The U.S. Navy recently completed the installation of its new, state-of-the-art, high-fidelity air traffic control tower simulators — a far cry from large plywood tables with airfields painted on them and students walking around it “flying” airplanes glued to wooden dowels while receiving and responding to voice instructions from tower trainees.
The new Air Traffic Control (ATC) Tower Simulation System (TSS) provides high-fidelity tower control training for ATC operators at Navy and Marine Corps Air Stations and Marine Corps Expeditionary Air Traffic Control Detachments. The last commercially-developed simulator was delivered to Marine Corps Air Station New River, North Carolina in May 2017, completing the delivery and installation of 39 TSS devices at 36 installations.
The tower simulator devices, developed by UFA Inc., provide a new tool for Navy air facilities and replaces outdated technology at various Marine Corps sites and the aged Tower Operating Training System at the ATC “A” School in Pensacola, Florida.
When pursuing a new ATC simulation training device, the Navy leveraged work and lessons learned from the Federal Aviation Administration and the U.S. Air Force to ensure system requirements were drafted in a manner that would reduce and/or eliminate training gaps.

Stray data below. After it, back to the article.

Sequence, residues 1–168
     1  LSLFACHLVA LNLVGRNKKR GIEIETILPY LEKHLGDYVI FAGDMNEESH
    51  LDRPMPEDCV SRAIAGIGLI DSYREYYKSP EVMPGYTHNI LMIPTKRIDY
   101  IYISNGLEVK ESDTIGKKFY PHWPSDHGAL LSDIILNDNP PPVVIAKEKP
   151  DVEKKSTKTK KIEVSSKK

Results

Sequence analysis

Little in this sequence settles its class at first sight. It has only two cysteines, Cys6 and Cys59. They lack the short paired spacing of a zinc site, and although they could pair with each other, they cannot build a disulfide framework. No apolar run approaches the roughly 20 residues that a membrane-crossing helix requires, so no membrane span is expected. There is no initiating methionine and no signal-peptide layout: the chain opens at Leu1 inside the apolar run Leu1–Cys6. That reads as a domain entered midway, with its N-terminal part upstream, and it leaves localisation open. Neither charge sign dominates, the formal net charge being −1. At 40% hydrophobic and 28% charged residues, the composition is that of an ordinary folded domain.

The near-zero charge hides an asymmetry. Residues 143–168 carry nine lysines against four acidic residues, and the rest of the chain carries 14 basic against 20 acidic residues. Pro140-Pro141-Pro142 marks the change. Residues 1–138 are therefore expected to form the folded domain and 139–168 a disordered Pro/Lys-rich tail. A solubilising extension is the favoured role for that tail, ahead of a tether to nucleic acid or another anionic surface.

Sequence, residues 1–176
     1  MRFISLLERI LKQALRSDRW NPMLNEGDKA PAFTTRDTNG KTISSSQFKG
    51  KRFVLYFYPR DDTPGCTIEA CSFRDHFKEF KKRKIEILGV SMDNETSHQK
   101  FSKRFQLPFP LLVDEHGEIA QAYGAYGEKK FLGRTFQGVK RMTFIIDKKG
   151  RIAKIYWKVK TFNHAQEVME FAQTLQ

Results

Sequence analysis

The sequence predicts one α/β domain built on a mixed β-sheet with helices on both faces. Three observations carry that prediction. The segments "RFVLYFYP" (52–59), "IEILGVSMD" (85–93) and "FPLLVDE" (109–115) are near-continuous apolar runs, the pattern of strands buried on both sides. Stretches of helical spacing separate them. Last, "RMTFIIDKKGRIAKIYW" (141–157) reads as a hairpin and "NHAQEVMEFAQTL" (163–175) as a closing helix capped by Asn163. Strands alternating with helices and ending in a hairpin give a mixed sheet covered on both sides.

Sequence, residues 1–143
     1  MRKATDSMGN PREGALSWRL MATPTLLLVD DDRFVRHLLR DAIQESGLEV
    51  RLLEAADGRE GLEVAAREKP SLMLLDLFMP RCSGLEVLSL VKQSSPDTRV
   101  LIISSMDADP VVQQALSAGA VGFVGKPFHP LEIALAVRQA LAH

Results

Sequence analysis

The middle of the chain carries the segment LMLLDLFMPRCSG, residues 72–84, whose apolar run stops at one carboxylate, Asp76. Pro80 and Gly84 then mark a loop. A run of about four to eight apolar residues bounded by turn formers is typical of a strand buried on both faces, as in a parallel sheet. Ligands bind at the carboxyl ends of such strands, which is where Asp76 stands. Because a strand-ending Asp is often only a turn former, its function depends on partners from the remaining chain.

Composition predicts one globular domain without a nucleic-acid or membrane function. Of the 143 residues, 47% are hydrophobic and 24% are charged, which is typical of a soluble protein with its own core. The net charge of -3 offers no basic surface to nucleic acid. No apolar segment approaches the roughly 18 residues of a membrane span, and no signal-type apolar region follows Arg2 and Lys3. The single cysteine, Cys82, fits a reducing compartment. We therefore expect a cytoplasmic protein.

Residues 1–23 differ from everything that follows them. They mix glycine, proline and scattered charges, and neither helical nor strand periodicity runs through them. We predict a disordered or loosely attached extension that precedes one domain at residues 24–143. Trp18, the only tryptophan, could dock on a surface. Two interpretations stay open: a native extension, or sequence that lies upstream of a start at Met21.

“U.S. Navy air traffic controllers now have a state-of-the-art tower simulator which will allow them to conduct realistic training in control tower operations and procedures without having to rely on live traffic to do it,” said Cmdr. Jeff Dugard, Air Traffic Control Requirements Officer at Office of the Chief of Naval Operations Air Warfare Division.
The new system is a significant improvement over previous ATC devices as it provides the highest fidelity training environment to trainees as possible. The commercial trainer simulates weather; airfield lighting; a photo-realistic airport database for each site; emergency vehicles; aircraft emergencies; day or night conditions; wildlife; and, any combination of these. In addition, it integrates radar, voice communications, information displays and full voice recognition and response capabilities.
At each facility, senior qualified air traffic controllers design, develop and present training scenarios to trainees that progress from basic to intermediate to advanced levels involving all the operational positions in a typical control tower. Each scenario allows the instructor to evaluate trainee performance regarding proper phraseology, employment of proper control procedures, and the trainee’s ability to make sound decisions and provide appropriate and timely instructions that allow for the safe, orderly and expeditious flow of air and ground traffic. Following each scenario, instructors can debrief trainees to identify areas where the trainee performed well and address areas for improvement.
The TSS has proven to be a vital tool for initial and proficiency training as Navy and Marine Corps facilities have realized an average reduction of 22 percent in total training time for ATC tower position qualifications.